Journal of Insect Conservation

, Volume 21, Issue 1, pp 7–14 | Cite as

Vertical distribution of saproxylic beetles within snag trunks retained in plantation forests

  • Kensuke Onodera
  • Sawako Tokuda
  • Yukihiko Hirano
  • Shuhei Yamamoto


Retention of snags (standing dead trees) is considered to have important effects on saproxylic species conservation in plantation forests because snags would provide vertically stratified deadwood habitats. However, the vertical distribution of saproxylic insects within snag trunks is still unclear. We felled 33 naturally occurring snags of Todo fir Abies sachalinensis in plantation forests and extracted insects from 99 logs sampled from three vertical positions of the snag trunks (basal stem: <2.5 m, lower trunk: 2.5–5 m and upper trunk: >5 m). The mean number of species that emerged from a single log was only 2.69, but we identified 51 morphospecies of saproxylic beetles in total. The total number of species that emerged from the basal stem (34 spp.) was greater than those that emerged from the lower trunk (25 spp.) or the upper trunk (30 spp.). However, rarefaction-extrapolation analysis did not demonstrate a significant difference in species richness among the log positions. Beetle assemblages were separated into two groups by constrained correspondence analysis; one group emerged only from lower and upper trunk logs, while another emerged mainly from basal stem logs. Additionally, vertical position had a significant effect on the distribution of the five main species. Our results show that beetle assemblages within snags in the plantation forests were highly variable, and retaining a sufficient number of high stumps may be important for saproxylic beetle conservation in plantation forests. We propose ‘retention thinning’ as an appropriate method to combine efficient timber production with biodiversity conservation in plantation forests.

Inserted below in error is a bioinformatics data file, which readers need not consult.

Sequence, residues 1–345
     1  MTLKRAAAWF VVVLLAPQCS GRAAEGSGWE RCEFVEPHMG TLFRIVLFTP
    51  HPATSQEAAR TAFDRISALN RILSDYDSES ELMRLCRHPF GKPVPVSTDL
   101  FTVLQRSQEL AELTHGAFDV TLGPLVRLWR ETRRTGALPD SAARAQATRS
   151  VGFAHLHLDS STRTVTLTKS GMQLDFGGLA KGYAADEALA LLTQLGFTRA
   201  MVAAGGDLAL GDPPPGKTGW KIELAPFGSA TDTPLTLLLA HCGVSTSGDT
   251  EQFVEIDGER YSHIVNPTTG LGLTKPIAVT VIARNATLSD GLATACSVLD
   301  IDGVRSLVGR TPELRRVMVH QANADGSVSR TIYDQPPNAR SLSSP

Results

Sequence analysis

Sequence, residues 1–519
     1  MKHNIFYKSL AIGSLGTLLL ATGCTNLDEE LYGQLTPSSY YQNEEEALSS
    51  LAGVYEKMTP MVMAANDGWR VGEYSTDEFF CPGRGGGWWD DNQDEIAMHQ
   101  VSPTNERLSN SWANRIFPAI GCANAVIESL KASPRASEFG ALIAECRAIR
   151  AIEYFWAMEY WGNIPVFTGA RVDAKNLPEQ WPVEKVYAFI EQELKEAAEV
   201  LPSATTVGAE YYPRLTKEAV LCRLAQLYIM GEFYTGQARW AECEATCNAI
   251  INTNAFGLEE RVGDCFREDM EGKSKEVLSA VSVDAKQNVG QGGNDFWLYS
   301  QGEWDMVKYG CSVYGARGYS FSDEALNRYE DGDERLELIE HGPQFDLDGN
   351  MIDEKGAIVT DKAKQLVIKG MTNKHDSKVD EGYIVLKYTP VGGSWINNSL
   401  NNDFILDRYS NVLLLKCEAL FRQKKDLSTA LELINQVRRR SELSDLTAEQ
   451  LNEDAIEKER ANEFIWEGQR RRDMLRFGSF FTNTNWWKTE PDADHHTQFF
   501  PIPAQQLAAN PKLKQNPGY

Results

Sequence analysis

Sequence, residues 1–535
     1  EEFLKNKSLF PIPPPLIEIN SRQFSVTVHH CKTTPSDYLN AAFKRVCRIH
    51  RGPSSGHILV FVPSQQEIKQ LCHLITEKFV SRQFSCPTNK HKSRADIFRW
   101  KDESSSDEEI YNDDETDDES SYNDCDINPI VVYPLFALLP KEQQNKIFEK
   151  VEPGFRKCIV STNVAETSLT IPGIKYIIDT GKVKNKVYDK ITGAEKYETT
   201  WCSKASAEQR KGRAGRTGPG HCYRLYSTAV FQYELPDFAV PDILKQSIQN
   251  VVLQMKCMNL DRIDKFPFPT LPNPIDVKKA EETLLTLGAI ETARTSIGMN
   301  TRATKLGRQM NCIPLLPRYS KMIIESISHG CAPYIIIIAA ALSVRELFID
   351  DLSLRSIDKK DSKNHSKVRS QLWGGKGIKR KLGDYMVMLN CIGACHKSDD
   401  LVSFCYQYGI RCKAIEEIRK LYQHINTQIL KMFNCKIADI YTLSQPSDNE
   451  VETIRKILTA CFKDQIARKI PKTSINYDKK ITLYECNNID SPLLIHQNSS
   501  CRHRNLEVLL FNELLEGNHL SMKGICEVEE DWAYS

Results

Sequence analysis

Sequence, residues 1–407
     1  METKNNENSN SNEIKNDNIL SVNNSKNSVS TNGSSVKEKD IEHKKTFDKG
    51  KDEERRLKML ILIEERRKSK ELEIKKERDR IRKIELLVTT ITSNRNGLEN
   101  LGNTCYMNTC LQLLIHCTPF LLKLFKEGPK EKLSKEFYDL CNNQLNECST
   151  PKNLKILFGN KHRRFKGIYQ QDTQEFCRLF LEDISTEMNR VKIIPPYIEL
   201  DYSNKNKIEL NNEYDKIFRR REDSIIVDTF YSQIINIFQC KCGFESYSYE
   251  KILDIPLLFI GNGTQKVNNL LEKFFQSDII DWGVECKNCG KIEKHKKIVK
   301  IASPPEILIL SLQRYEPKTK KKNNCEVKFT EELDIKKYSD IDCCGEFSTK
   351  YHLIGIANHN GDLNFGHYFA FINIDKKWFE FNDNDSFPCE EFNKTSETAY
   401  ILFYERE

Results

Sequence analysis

Deadwood Plantation forest Saproxylic beetle Retention thinning Vertical distribution Abies sachalinensis 



We would like to thank: N. Ishihama, K. Morimoto Y. Shibata, S. Shiyake for identifying beetles; The Hokkaido Government Prefectural Forest Management Division and Sorachi Subprefectural Bureau Offices of Forestry Management for providing log samples; A. Yamagami for guiding in the extraction of beetles from logs; N. Akashi, H. Hara, K. Minamino, K. Nakata, T. Tsushima and A. Unno for their valuable advice and assistance with field data collection. This work was supported by a management expenses grant from the Hokkaido Government.

Supplementary material

10841_2016_9947_MOESM1_ESM.docx (23 kb)
Supplementary material 1 (DOCX 23 KB)


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Copyright information

© Springer International Publishing Switzerland 2016

Authors and Affiliations

  1. 1.Forestry Research InstituteHokkaido Research OrganizationBibaiJapan
  2. 2.Kanagawa Insect ColloquiumOdawaraJapan
  3. 3.JSPS Research Fellow, Entomological Laboratory, Graduate School of Bioresource and Bioenvironmental SciencesKyushu UniversityFukuokaJapan

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